Enrolling Your Own Dog in AVSDA

Does Your Dog Have the "Right Stuff" to be a Service Dog?

You already have the BEST dog…and you are hopeful your dog can be trained to become your medically necessary service dog. AVSDA can help you discover whether your dog has “the right stuff”, and if so, can teach you how to train your dog to be well behaved and appropriate in public spaces while medically assisting you.


Our dog application is very thorough. Though your dog is already your best friend, it is important for you to know many dogs are not suitable service dog candidates.

When our puppies are raised to become service dog candidates they go through important preparations that start right after they are born. They are deliberately and carefully exposed to controlled stressors for a few seconds at a time every day between 3 and 18 days old. This is called “early neurological stimulation”, and it helps puppies be very resilient and stress resistant. They are exposed to systematic desensitization and socialization from 3 weeks until they are 22 weeks old, and this again helps them have high distress tolerance and low reactivity. By carefully raising future service dogs to not be easily aroused, they are better able to ignore distractions and stay focused on helping their handlers.



Puppies and dogs can become service dogs without that controlled early development, but the percentage that qualify is reduced. We do a comprehensive screening and assessment, and may admit your dog to begin training. However, we often do not know, based on a few meetings, how your dog will respond across time in reaction to a broad spectrum of stressors. AVSDA enrollment with your own dog is not a guarantee your dog will become a service dog. The genetic temperament of your dog, shaped by early environmental and social factors, are often stronger determinants than training. And training cannot change certain traits or tendencies to enough of a degree to meet service dog criteria.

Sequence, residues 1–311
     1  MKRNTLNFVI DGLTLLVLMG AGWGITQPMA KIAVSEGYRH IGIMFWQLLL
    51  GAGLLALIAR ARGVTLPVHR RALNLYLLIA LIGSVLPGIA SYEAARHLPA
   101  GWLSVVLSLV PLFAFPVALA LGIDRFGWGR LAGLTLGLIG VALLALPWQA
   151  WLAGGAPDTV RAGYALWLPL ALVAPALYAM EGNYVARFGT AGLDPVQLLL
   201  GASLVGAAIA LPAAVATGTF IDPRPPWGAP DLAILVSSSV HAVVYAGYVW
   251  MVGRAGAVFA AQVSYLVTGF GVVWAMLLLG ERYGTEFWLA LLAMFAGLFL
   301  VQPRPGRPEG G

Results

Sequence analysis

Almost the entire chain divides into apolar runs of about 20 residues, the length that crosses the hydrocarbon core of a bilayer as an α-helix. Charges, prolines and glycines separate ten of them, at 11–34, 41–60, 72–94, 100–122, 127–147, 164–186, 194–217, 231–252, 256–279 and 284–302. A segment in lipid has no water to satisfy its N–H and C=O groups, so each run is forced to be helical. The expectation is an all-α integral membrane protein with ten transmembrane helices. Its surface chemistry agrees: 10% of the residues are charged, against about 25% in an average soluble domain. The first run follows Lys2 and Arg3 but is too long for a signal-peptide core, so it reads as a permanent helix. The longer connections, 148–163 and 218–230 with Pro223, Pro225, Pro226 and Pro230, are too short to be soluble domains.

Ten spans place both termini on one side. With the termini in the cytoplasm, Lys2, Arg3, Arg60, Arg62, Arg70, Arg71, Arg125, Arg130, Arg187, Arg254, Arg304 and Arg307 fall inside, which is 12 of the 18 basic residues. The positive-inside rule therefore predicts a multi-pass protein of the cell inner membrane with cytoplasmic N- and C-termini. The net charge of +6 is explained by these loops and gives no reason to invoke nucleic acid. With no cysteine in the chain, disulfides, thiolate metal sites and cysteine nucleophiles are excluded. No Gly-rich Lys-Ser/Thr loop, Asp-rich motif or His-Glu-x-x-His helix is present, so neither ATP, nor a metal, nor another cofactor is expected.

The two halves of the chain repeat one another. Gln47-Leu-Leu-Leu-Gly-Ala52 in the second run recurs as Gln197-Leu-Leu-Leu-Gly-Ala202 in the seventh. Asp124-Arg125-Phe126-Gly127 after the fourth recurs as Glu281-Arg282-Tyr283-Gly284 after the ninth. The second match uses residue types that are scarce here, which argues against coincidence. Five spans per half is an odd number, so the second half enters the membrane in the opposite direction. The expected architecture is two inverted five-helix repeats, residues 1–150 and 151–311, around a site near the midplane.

Dogs that show high arousal, reactivity, or defensiveness are not service dog candidates and will not be accepted into the AVSDA program. These dogs can still improve with training and can live wonderful lives assisting you at home. Many dogs who do not meet criteria as service dogs and who are not granted public access rights become emotional support animals who can improve your quality of life at home. If you are initially accepted into AVSDA with your own dog but later your dog fails to meet criteria, we will offer you the option of completing the program for an emotional support animal (ESA).








If you think your dog has an easy-going, agreeable disposition and you’d like to have us assess your dog as a service dog candidate, please continue and complete all of the application materials linked below.


So, what if you are pretty certain your dog cannot become a service dog, but you really need one? We suggest, if it is safe and feasible, you consider adding a second dog, provided by AVSDA, to your family. If you think this might be your best option, proceed to the “applying for an AVSDA service dog” area of our website, or reach out for more information: enrollment@avsda.com